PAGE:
Next we have the heating controls. These are based around a timer node from node-red-contrib-stoptimer-varidelay. The +30 mins and Reset buttons edit a timer display, which is stored in another flow-context variable and pushed to the timer itself with the Start button. This also activates the heater relay. When the timer runs out, the relay is turned off again. The Stop button disables the heater relay and cancels the timer immediately. The Start and Stop buttons include a confirmation dialog to avoid inadvertently pressing them.

I also wanted to include some battery monitoring. The Webasto has its own low-voltage cutout, but this is set to something like 10.6V at which point your batteries are probably already wrecked. It's important to shut it down properly so it can clear the combustion chamber and cool down, so the safest way is to turn off the signal relay and let it finish up. When Start is pressed, I first check the battery voltage from the flow-context variable. If it's above 12.9V, the battery must be charging so we can skip the charge % check and start immediately. If it's between 12.1V and 12.9V, we move on to check the charge % (I like to check both as they get out of sync in winter when it's not fully charging every day). If it's over 55% (since you don't want to discharge lead-acid below 50%), we're okay to run. If the battery voltage is under 12.1V or charge % is under 55%, we pop up a notification and don't turn the heater on.

Battery checks while running

I also wanted to check the battery voltage while running: it's all well and good checking it at startup, but what if it gets dangerously low a few hours later? If the battery voltage drops below 11.85V while running and maintains that for 3 minutes, the heater will turn off.

I implemented this in the battery voltage flow. Each time the voltage updates, it will check if the heating is running. If so, it will check if the voltage has dropped under the critical level, and if so, will start a 3-minute timer. If the voltage rises again during this time, it will send a message to reset (i.e. cancel) the timer. This is important as the inverter or water pump starting up can cause the voltage to briefly drop under the critical level – but this doesn't mean the battery is empty!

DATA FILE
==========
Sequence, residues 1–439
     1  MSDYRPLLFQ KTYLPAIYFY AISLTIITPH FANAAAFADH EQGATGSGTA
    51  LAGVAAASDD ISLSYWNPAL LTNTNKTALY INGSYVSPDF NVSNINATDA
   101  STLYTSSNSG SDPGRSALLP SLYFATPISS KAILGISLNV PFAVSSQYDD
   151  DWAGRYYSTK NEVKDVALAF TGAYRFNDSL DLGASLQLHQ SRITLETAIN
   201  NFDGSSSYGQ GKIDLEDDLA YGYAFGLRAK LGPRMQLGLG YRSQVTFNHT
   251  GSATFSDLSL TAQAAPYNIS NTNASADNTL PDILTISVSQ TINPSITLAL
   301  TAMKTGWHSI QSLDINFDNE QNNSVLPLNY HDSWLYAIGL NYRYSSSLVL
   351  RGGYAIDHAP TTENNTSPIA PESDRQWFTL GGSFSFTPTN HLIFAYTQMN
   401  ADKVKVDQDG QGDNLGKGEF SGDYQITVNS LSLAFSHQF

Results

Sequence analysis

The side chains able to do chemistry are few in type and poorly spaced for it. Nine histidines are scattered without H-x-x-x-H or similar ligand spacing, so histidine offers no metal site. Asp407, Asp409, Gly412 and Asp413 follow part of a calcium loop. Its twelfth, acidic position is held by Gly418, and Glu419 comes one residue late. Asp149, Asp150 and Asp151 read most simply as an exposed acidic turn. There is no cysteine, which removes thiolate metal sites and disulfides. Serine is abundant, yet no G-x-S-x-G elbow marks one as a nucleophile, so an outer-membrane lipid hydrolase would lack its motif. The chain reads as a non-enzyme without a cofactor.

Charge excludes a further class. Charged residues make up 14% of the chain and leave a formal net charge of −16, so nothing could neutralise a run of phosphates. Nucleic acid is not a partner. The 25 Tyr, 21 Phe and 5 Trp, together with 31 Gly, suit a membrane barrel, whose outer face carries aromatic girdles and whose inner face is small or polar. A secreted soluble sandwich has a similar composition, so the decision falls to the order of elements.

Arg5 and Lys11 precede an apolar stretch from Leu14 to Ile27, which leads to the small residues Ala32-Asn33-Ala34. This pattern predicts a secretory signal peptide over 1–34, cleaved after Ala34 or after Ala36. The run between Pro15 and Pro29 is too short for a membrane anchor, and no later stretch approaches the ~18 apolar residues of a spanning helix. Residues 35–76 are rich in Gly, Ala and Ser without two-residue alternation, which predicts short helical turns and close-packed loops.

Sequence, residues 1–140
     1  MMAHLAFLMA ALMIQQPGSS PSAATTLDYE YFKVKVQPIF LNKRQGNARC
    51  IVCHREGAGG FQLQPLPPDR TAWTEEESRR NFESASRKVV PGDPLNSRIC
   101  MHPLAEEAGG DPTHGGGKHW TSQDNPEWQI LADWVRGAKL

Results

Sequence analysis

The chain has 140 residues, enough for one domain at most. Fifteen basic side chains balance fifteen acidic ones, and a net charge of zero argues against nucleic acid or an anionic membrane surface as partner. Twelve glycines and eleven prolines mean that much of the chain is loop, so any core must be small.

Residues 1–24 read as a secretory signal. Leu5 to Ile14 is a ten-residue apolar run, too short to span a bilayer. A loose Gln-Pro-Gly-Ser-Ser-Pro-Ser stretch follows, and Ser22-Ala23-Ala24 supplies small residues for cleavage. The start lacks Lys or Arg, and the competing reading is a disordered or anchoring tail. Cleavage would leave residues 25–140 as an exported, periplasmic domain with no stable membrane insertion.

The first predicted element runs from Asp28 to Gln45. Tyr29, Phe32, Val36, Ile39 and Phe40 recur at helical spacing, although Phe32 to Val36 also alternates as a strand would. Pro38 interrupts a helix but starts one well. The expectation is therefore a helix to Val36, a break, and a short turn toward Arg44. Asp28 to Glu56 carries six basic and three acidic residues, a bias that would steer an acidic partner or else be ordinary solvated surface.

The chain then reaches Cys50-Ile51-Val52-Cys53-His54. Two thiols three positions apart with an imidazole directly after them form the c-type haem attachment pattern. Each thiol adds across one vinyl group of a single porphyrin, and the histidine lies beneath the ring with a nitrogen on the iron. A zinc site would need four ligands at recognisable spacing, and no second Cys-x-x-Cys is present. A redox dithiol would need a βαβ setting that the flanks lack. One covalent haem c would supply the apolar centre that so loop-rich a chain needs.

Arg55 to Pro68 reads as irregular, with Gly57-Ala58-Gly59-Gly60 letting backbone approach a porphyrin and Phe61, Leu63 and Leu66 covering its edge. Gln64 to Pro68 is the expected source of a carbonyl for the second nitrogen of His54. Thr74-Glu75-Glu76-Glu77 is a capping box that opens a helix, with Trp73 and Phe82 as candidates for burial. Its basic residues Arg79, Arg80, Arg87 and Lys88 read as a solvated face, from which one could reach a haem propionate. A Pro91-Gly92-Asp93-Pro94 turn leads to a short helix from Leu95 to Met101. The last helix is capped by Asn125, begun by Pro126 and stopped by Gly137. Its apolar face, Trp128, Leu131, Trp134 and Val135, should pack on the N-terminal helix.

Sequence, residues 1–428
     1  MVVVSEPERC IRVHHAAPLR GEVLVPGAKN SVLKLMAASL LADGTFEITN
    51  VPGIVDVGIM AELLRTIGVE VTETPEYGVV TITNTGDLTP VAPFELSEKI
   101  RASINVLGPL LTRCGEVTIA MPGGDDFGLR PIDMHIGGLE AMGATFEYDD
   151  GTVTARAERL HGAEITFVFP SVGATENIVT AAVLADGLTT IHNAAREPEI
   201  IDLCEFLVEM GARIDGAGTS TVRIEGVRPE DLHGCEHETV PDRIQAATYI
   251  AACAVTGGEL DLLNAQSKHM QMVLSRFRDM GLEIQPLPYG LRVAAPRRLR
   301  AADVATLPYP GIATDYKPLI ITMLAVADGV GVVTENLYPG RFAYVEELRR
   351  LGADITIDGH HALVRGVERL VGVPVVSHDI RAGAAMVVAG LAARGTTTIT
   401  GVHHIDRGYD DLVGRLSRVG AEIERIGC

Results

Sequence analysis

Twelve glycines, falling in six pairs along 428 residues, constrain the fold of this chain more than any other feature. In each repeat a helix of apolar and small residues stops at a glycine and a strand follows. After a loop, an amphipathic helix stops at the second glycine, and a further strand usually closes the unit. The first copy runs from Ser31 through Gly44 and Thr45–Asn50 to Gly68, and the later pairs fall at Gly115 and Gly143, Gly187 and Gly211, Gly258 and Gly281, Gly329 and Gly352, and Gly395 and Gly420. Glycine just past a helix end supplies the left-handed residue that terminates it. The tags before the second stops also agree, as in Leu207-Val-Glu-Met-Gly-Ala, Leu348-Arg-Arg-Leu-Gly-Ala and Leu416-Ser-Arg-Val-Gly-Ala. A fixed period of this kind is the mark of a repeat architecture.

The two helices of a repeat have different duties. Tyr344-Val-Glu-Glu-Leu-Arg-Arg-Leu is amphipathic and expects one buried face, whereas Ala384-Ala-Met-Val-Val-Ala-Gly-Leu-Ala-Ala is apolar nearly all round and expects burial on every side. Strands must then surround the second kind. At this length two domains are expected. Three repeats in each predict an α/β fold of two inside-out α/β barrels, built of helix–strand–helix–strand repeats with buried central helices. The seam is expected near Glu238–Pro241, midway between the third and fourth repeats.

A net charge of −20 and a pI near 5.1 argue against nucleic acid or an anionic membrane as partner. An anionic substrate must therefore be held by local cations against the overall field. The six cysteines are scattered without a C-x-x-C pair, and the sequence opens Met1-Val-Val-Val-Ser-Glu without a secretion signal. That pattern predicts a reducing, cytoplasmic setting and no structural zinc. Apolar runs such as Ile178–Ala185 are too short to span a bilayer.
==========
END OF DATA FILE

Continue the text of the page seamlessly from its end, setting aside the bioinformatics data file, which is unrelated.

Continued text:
I also included a connection from "Heating running? -> No" to the timer reset to avoid a race condition when the heating switches off. The "Heating running" switch checks the relay status, which doesn't update quite instantly when it changes. It was therefore possible that the 3-minute timer could start again, when the heater had already switched off but the relay status hadn't updated yet, thus sending another switch-off signal and notification 3 minutes later. The extra connection cancels the timer once the relay status has updated.

The final step was to put everything together into a nice dashboard. This uses the node-red-dashboard package, and node-red-contrib-ui-artless-gauge for some nice skinny gauges. I also added a tiny bit of CSS in a template node to make the confirmation dialogs look a bit nicer:

<style> .confirm-dialog .md-title { display: none; } .confirm-dialog .md-dialog-content-body { padding: 1em; } </style>
Code language: CSS (css)

And this is the final product!

Node-RED dashboard

The dashboard is accessible locally at https://venus.lan:1881/ui, or online via the Victron VRM (choose Venus OS Large from the left hand menu, then Node-RED Dashboard). So now all I need to do is flick the heating on an hour or so before I get home, and arrive to a toasty boat!

If you've done something similar, I'd love to see it! Drop a comment below 🙂

Cheap Chinese eBay antennas – a complete waste of money?

I live in a zoo. For the most part this is super cool, but it's in the middle of nowhere and the internet access leaves a bit to be desired. I started using a 3G dongle, but the signal is rubbish and it drops out whenever it rains.

3G signal

Zero bars, aww yeah

I started looking into ways to boost the signal, discovering that many mobile broadband users in rural Australia use Yagi antennas. These are highly directional and, if used correctly, can pick up signals from towers several kilometres away. I didn't have the tools available to DIY one, so turned to eBay for a sketchy Chinese alternative. What I got was this: